The Biomechanic Materials Lab aims to understand disease state ECM structure and function.
Mammalian cell morphology is a key determinant of function, igniting significant interest in understanding how cell phenotype is regulated by microenvironmental cues. These cues include cell-cell interactions, soluble signaling molecules, and adhesion to the extracellular matrix (ECM) via transmembrane receptors. Yet, the physical properties of the ECM, particularly deformability and remodelability, are known to regulate the ability of a variety of cell behavior. Many of these properties are interconnected and developing material systems to isolate individual properties becomes an important tool; a tool that allows for the investigation of changes ECM materials undergo to better understand disease states and therapeutic opportunities.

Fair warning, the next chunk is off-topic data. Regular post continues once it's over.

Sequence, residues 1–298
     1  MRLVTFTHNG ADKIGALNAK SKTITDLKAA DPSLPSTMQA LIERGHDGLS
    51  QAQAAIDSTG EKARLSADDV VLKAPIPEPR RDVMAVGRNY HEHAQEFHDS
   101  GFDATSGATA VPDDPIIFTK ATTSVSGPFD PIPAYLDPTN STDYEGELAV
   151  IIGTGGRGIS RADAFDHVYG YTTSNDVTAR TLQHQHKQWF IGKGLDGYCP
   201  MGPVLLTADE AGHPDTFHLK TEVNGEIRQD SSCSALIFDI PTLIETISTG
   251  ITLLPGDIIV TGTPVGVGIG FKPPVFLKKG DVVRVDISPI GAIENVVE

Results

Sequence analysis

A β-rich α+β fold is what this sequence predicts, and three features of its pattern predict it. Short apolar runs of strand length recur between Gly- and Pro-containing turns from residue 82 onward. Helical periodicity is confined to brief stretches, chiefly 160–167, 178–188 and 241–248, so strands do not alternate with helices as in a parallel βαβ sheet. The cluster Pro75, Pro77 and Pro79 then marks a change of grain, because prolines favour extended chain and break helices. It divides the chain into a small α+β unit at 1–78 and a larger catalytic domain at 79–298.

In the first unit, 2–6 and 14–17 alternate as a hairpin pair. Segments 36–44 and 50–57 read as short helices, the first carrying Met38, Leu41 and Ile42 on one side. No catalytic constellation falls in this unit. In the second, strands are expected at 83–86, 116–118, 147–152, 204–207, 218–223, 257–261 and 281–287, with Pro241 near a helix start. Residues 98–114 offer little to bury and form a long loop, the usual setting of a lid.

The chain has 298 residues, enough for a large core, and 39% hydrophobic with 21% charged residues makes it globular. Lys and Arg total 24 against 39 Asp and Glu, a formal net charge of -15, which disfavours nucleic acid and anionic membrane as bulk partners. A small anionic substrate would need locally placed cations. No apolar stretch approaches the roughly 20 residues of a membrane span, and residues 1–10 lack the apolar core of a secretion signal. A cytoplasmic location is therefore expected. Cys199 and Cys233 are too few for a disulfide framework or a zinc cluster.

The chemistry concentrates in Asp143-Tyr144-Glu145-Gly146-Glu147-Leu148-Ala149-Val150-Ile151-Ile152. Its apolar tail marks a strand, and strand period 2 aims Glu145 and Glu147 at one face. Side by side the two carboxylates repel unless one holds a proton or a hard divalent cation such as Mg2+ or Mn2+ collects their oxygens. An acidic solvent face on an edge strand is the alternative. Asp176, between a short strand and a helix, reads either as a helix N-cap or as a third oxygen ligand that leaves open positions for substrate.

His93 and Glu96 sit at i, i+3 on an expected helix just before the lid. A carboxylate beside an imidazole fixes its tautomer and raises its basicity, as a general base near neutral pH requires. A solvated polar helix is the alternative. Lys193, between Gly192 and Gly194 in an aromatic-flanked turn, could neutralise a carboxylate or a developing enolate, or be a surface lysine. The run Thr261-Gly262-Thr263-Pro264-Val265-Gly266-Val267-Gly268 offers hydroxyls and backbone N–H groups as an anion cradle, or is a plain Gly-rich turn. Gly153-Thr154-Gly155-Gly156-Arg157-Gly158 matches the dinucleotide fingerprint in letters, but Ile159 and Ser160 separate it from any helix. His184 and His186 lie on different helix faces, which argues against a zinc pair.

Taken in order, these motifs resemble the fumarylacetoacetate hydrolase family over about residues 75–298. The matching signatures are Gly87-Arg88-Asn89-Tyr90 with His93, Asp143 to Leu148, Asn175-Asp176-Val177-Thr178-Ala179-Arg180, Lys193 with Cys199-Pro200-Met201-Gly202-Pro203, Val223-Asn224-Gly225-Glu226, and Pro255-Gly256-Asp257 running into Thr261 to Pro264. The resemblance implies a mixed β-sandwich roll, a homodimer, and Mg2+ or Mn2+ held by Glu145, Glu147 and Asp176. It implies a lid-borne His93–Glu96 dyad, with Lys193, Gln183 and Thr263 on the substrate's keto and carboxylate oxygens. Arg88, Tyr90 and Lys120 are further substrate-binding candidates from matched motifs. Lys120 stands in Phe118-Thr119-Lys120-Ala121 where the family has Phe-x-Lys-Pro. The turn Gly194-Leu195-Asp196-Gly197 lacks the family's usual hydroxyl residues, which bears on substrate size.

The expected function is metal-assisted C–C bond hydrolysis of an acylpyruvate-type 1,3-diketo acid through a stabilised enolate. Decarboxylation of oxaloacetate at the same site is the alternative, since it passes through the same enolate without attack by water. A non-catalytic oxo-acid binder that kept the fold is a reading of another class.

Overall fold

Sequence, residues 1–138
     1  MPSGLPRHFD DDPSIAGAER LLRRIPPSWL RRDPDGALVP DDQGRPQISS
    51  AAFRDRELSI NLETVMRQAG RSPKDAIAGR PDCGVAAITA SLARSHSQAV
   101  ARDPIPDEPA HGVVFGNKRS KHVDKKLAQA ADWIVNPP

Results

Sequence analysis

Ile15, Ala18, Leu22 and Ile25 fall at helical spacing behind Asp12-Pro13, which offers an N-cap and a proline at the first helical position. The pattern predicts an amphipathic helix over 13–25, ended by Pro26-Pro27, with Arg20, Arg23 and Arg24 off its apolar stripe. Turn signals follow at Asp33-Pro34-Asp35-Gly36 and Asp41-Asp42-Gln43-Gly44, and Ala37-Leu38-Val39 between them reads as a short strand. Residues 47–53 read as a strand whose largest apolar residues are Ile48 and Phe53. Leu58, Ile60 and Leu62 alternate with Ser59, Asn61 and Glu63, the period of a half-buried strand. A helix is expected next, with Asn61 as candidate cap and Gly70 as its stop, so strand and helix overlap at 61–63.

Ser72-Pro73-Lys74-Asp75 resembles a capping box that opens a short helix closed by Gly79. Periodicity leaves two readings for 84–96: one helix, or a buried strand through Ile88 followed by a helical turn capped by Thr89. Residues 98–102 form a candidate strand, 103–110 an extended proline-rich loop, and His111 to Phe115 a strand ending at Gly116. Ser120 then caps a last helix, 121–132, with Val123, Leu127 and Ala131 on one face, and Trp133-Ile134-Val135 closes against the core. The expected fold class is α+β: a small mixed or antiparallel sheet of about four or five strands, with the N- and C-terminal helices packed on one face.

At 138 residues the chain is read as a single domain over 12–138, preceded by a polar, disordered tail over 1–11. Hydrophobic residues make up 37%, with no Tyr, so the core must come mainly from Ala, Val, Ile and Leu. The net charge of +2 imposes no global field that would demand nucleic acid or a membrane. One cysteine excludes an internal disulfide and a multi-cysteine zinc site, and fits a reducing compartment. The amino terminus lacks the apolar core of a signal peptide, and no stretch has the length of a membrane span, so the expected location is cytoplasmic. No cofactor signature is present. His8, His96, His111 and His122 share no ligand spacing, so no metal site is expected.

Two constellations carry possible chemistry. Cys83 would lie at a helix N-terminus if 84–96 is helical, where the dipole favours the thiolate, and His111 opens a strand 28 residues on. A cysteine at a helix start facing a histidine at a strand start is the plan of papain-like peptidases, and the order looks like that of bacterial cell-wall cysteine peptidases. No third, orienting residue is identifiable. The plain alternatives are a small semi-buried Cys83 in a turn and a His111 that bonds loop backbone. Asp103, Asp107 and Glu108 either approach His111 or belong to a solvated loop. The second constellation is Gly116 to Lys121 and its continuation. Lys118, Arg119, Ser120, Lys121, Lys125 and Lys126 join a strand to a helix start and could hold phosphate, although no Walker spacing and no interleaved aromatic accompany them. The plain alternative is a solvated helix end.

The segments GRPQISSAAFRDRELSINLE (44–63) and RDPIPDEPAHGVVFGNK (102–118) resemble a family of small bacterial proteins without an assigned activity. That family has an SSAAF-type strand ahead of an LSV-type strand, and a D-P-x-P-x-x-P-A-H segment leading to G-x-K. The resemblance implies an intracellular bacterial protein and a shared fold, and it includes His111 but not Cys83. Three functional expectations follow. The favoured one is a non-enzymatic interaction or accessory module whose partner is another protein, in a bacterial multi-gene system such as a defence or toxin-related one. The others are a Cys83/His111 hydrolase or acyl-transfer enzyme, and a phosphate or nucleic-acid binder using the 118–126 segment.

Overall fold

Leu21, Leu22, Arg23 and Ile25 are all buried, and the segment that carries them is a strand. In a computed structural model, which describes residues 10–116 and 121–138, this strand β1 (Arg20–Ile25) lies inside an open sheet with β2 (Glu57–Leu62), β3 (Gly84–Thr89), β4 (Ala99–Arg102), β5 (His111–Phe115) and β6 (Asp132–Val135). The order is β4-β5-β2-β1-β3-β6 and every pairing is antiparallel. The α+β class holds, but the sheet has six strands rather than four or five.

Our laboratory will tackle these issues by synthesizing novel polymeric architectures to study prenatal membrane rupture, callus formation, as well as creating the next-generation tools to measure complex nano-scale stress and strain in 3D. Our techniques include super-resolution live-cell imaging, nanoindentation, microrheology, and polymer synthesis.